Daily Form November 17, 2009

Inter-market Technical Analysis using algorithmic pattern detection

TUESDAY NOVEMBER 17, 2009       07:25 ET

The Nasdaq Composite (IXIC) surpassed expectations expressed here yesterday in not only challenging the 2190 level but pushing above 2200 intraday and closing at 2197. The retail sales data provided exactly the excuse to move equities higher, and despite some apprehensiveness ahead of the Bernanke speech at the Economic Club of New York, the bulls largely controlled the day’s agenda.
Meanwhile the US dollar ended at session lows, as tracked by the exchange traded fund, UUP, and Dr. Bernanke’s remarks about a strong dollar policy without any specific promise to support the currency appear to have left doubts that this stated policy is sincerely held. Ultimately there is a suspicion that it is not.

Here are my comments from my daily blog on the matter:

The following two sentences from Ben Bernanke’s address at the Economic Club of New York on November 16, 2009 are complete gems of obscurantism.

We are attentive to the implications of changes in the value of the dollar and will continue to formulate policy to guard against risks to our dual mandate to foster both maximum employment and price stability. Our commitment to our dual objectives, together with the underlying strengths of the U.S. economy, will help ensure that the dollar is strong and a source of global financial stability.

There is no specific articulation of a commitment to support the US dollar per se but rather an opinion being expressed that dollar strength will be a fortunate by-product resulting from the pursuit of the Fed’s domestically focused dual mandate.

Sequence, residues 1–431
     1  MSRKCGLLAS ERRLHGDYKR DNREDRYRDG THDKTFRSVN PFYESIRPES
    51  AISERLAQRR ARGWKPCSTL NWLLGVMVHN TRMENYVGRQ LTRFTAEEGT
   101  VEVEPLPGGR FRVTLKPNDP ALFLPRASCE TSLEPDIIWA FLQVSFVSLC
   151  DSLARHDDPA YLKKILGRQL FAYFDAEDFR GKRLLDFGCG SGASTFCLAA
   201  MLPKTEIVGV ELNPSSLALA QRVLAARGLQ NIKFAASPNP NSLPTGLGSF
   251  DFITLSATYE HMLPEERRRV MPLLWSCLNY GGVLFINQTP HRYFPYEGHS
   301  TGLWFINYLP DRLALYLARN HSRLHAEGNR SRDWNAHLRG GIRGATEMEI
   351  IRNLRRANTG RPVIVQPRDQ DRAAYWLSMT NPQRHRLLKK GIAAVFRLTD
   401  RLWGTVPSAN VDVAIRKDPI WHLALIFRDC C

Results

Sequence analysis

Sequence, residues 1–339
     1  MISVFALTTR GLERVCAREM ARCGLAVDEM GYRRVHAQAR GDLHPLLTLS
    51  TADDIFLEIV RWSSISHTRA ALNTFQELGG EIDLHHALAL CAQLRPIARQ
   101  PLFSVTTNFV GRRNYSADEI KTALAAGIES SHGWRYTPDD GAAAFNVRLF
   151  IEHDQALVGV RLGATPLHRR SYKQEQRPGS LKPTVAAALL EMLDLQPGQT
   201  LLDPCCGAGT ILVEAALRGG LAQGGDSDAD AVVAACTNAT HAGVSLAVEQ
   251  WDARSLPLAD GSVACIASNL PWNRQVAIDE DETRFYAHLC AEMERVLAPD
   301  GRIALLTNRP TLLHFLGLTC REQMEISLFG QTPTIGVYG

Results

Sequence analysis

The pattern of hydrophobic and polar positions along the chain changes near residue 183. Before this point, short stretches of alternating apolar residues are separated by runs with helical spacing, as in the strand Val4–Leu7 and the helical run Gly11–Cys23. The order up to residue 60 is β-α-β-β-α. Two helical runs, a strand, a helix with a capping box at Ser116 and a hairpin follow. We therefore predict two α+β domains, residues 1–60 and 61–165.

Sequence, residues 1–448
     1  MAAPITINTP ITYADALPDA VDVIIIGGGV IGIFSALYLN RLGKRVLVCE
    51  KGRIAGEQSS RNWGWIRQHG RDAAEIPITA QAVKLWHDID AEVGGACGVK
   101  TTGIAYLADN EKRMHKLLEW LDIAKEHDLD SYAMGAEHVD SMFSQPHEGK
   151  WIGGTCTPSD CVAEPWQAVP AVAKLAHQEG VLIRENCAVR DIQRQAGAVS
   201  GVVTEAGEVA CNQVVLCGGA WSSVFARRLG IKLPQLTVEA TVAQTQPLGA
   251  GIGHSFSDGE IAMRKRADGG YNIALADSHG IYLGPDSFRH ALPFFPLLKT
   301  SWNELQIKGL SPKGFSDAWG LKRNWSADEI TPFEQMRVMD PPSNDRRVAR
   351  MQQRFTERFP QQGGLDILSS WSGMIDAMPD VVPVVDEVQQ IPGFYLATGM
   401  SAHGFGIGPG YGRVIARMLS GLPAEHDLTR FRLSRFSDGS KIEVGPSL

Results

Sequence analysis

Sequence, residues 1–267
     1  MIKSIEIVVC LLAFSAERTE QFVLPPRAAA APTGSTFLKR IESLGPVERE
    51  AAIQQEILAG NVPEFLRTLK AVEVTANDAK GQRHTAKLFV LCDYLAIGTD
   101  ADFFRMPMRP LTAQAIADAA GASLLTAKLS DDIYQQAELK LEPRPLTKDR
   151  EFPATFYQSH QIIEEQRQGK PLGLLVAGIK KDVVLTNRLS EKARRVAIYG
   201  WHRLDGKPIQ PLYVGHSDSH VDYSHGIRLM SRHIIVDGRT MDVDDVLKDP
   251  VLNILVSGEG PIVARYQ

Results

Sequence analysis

Does this statement reflect sufficient duty of care from the custodian of the global reserve currency?

Unlike the Ichimoku charts I reviewed yesterday the exact converse is true for this chart in that rather than being supported when dropping down to a cloud formation, UUP has been unable to make any meaningful piercing of the cloud above since April.

The Nikkei 225 lost ground overnight and is just barely hanging on to the 9700 level in a chart that shows all kinds of negative characteristics.

I am struck by the chart below showing the yield on the five year US Treasury note which came to rest at the pivotal 2.2% yield level after yesterday’s session. The left hand of the chart (indicated by the letter A) is the inverse almost exactly of the right hand of the chart (B).
At least foreign buyers of US Treasuries are being rewarded at present in being able to purchase dollar denominated debt at bargain basement prices, but there must be some concerns that those prices could become fire sale prices at a later date.

In European trading there are some interesting moves in FX - mainly focused on cross rate trading (especially the EURGBP rate) - but there is some evidence that the dollar is perking up against the Swiss Franc.
I am hesitant to make too much of this but if the downward trend-line was to be decisively broken in coming sessions there just might be some bite behind the jawboning of central bankers, including Monsieur Trichet who would love to see a stronger dollar.
However, until there are some clear technical signs showing a break down in the Australian dollar and the Euro, the default positioning adopted by the large carry traders is to keep exploring lower levels on the US currency.